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My mother hates my husband (long)

(956 Posts)
badtoworse Sat 15-Sep-12 19:46:56

I don't live in the UK. DH is from the country we live in. Mum came to live here (divorced and then later my father died) some years ago in a house a short drive away. Soon decided it was a big mistake and that she hated it, then to complicate matters then injured her back and became really unable to manage living alone. We sold my house and we moved in with her. All coinciding with me starting a new business venture and DH becoing unemployed. DH has bascially been unemployed (except for a couple of short contracts) since then. When we all moved in together DS was 20 months (now 4.5) and we've since had another child who's 1.5.

Before we all moved in together I was about to go back after mat leave and all set up (at her suggestion) for mum to have DS while I worked and DH at work. DH lost his job three days before I went back but mum said she still wanted to come up in the afternoons cos she wanted to see DS. She (much later) claimed DH had sat on the coputer and let her do it all. He said (we had a big row about it then) he only sat on the computer while DS napped.

My business has been slowly dying a death so I'm going to be WOH from Monday (previously ran busness from home). Yesterday I had meetings all day. DH supposed to be looking after DCs for the afternoon while I'm out.
I told him not to let my mum do too much, to imagine she was not there as it's too much for her. When I came home I asked mum (who I saw first on coming in) how things had been and she pulled a face and said tell you later.
Asked DH if he'd let DS just spend the whole afternoon with my mum and he said, only a bit while DD asleep..she slept for almost 2 hours. Then I ask mum and she says that he'd sat on the laptop and told DS he couldn't play as he'd wake the baby up and she'd felt bad so spent 2 hrs entertaining DS while DH sat on laptop.

I was really pissed off as I'd asked him specifically not to do this and we had a row.

He says she's exaggerating and that he can't believe I'm questioning his parenting abilities/calling him a neglectful parent and talking about him behind his back. He says DS wasn't with her the entire time, he was in and out and he didn't tell him he couldn't play, just that he had to be quiet as the baby was asleep.

She says he's a lazy git and it's the same old shit as all those years ago, she's had enough and would go back to the UK if she had the money. They've been avoiding each other all day and I feel totally caught in the middle.

I'm so angry that he did exactly what I asked him not to but I can't stand this atmosphere, it's like I'm being asked to choose, my husband or my mother.

goonyagoodthing Fri 18-Jan-13 09:29:04

Glad to see the positive name change, see you on the new thread!

GoodtoBetter Fri 18-Jan-13 07:26:18

I've named changed and started a new thread here:

as this one is nearly full.


badtoworse Fri 18-Jan-13 06:39:48

DB forwarded the e mail. I'm not particularly worried about it, I just think it's a bit odd that she says nothing about how she feels about us leaving. With me it's all teary eyed and on the point of crying and she says nothing except that we're going. Ah, you say I could spend my life trying to work out what's she's thinking and be no closer to the truth.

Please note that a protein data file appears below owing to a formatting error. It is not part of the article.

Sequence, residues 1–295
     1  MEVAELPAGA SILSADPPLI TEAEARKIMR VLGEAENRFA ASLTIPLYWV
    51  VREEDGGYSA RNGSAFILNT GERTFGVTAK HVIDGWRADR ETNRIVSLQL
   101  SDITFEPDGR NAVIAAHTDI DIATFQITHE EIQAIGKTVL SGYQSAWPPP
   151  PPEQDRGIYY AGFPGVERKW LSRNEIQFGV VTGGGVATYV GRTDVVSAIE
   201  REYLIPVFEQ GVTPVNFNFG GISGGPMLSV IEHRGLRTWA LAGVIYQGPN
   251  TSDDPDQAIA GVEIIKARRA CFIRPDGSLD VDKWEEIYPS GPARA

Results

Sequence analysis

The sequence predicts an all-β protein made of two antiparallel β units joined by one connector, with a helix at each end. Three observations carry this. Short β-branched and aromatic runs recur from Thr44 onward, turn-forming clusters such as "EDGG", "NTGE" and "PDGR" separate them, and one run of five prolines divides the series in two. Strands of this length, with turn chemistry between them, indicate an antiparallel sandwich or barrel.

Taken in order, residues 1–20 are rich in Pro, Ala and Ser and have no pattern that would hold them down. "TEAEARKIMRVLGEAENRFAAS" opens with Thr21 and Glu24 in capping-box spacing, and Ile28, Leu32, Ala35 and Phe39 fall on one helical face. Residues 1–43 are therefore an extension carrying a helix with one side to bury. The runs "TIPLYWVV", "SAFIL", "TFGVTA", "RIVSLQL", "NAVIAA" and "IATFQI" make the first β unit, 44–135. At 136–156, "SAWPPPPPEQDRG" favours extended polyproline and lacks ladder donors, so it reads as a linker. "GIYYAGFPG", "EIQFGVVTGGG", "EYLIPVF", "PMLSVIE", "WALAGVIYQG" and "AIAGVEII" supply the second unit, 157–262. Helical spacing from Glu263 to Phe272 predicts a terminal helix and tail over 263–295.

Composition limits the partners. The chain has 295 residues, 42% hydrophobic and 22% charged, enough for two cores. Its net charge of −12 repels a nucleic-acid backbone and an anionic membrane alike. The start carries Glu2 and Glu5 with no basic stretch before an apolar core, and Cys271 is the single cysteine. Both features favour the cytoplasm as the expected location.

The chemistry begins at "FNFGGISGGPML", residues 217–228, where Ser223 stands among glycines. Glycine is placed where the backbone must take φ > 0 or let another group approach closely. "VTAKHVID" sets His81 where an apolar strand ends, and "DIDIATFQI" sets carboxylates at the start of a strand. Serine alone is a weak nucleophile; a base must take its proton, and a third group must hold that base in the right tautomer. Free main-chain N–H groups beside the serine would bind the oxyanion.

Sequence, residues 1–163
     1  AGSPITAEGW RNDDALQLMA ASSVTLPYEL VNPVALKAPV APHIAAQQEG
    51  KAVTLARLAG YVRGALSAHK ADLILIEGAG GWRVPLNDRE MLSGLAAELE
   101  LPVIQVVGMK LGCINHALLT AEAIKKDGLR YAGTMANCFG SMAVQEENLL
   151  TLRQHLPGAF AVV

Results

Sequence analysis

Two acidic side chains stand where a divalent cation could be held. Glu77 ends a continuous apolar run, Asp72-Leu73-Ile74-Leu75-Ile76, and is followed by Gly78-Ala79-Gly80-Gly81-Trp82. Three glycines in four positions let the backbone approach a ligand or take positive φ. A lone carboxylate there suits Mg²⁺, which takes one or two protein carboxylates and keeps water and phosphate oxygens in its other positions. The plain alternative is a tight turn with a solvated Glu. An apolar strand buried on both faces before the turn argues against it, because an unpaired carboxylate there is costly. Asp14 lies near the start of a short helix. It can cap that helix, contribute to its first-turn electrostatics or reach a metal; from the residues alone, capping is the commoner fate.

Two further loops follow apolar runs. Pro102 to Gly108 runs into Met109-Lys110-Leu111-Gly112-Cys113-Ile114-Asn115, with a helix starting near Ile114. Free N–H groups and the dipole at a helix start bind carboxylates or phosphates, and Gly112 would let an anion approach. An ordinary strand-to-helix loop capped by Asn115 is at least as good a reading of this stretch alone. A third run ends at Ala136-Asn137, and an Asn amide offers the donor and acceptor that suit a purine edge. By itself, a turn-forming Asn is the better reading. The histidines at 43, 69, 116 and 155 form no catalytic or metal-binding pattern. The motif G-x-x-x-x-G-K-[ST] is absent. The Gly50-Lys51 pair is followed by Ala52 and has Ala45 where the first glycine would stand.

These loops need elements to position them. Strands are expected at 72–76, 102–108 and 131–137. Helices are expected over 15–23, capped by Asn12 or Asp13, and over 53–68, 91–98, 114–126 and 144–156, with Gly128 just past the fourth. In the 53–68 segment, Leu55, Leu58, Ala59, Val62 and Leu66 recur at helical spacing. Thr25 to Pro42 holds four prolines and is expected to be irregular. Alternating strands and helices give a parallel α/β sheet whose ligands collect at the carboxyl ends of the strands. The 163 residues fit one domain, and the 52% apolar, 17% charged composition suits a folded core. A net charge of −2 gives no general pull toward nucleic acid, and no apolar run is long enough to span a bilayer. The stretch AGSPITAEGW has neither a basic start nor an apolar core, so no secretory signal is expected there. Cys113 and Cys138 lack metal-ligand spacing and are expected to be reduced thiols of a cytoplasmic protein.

DB would like to sell the flat within the next year or so. I'm not involved in that decision and have no desire to be. DM pays the charges (maintenance and standing charges for utilities) so if she doesn't want to, she can sort that out or they can rent it (although they'd be very unlikely to rent it out of summer season as there isn't much demand except in summer).

Aussiebean Thu 17-Jan-13 23:46:58

I think ops brother forwarded her the email. I thinks it's good that she knows what her mother has been saying. But not give it any head space.

Anniegetyourgun Thu 17-Jan-13 23:34:58

Song specially for you, 2rebecca wink

2rebecca Thu 17-Jan-13 23:34:02

I thought she had gone down there on her own just before Christmas?

2rebecca Thu 17-Jan-13 23:32:07

This isn't your problem and is unconnected to you moving out. Stop reading her emails and let her and your brother sort it out. Don't get dragged into other people's problems. When you are no longer living with her you won't be seeing this sort of stuff.
It sounds as though the flat is a mistake if no-one lives in it but it's not your mistake. keep out of this one, you have your own housing problems to think about.

Aussiebean Thu 17-Jan-13 23:13:25

But your db may want to consider how she keeps control over him by paying the maintainence costs.

Aussiebean Thu 17-Jan-13 23:10:30

Agree. It's his flat. He can deal with her in regards to it.

At this point, don't take up more mental space on this when you don't need to.

When you are out and a bit more able to plan. You and your brother can have a good chat about tactics. But I don't think now is the time.

tribpot Thu 17-Jan-13 23:08:53

I agree no point in worrying about it now. If no agreement was made (and I'm quite sure it wasn't) about how and when your mother could reclaim her investment in the property your brother should really offer to give her her money back and take over the running costs. I fully accept he may not be in a position to do that but that's why families and money don't mix. I very much doubt she can force the sale if it comes to it - there's no evidence the money wasn't a gift?

That said, your arrangements for property ownership seem illogical. If you and your bro own the property jointly then your names should be on the deeds together. The whole 'you get the house' is a red herring because she can make her will as she chooses (previous discussion about applicability of Spanish law, of course).

However, this is where the fact you don't 'know' she's communicating with your brother works to your advantage. You can't get dragged in to this one. Especially since that's what she wants.